Tuesday 17 July 2012

What no composer wants to hear

The problem with using computers as a tool to write or transcribe your compositions, is that you become dependent on the computer and the software suppliers. Some composers use manuscript paper and the computer is simply a transcription tool, whereas others (myself included) rely more heavily on the software during the writing process. (In my case it stops the neighbours having to listen to my incessant thumping out of bits of the piece on the piano).

But reliance on complex tools means that you are in a dangerous position when they let you down. The answer, of course, is to join a community, lots of people with computers like you. So someone is bound to have had the problem before or be able to advise you. The same with software, if everyone uses it then you are in a safer position, aren't you?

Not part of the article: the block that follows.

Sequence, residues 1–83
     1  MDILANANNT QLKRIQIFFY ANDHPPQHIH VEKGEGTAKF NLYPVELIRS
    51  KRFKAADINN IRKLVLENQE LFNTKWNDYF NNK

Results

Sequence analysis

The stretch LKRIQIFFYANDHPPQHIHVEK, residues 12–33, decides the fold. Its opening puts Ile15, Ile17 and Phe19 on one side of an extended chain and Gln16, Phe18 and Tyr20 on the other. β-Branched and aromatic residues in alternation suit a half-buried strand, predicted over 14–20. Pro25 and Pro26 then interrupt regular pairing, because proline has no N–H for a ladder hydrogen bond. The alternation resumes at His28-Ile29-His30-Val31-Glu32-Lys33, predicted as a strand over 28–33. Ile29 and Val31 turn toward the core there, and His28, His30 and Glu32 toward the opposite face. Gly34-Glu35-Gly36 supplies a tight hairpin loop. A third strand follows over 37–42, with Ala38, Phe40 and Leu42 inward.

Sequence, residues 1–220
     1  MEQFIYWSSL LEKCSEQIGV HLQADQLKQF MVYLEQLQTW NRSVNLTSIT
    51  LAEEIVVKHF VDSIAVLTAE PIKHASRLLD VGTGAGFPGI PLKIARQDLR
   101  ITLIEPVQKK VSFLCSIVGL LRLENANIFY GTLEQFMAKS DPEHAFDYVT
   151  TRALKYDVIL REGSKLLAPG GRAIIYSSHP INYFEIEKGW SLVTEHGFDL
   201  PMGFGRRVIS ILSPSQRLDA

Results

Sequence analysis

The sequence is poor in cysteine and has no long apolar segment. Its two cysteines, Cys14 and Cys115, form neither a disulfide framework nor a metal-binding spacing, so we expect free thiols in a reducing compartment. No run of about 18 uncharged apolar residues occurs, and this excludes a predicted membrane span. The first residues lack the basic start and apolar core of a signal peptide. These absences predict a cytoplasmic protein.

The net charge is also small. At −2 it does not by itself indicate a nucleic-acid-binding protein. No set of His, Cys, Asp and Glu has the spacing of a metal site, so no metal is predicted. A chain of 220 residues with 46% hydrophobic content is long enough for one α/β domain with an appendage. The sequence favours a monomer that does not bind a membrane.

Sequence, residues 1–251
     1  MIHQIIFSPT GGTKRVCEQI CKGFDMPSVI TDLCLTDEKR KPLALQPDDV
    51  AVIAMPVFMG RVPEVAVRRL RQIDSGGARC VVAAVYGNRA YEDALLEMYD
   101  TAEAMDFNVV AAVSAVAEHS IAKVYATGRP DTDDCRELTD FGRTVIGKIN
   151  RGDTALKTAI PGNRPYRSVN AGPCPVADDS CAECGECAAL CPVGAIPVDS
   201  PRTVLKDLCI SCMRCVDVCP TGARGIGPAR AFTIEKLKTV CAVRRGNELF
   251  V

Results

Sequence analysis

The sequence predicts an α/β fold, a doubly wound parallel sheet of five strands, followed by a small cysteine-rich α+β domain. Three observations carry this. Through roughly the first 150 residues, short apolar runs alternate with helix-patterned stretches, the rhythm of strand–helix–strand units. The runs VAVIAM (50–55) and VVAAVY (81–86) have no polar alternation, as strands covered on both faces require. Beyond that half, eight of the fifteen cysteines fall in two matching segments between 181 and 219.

Of course, even manuscript isn't safe, because if you don't have it obsessively photocopied then you only have one copy, which is a problem if it goes missing. Michael Berkeley's Jane Eyre is a case in point here, where he had to re-write the first half after the only manuscript was lost.

But earlier this month the software company Avid announced that it was restructuring, divesting itself of a number of products and closing the Finsbury Park offices of Sibelius Software. Sibelius started as a cottage industry, but became an overwhelming success. The computer tool of choice for many composers, the company was bought out in 2006 and is now part of Avid. There is no suggestion that Sibelius is at risk, but Avid are getting rid of the team which have looked after it for many years.

I don't use Sibelius myself, but if I did I would be looking at my options for ensuring that I had portable versions of all my pieces.

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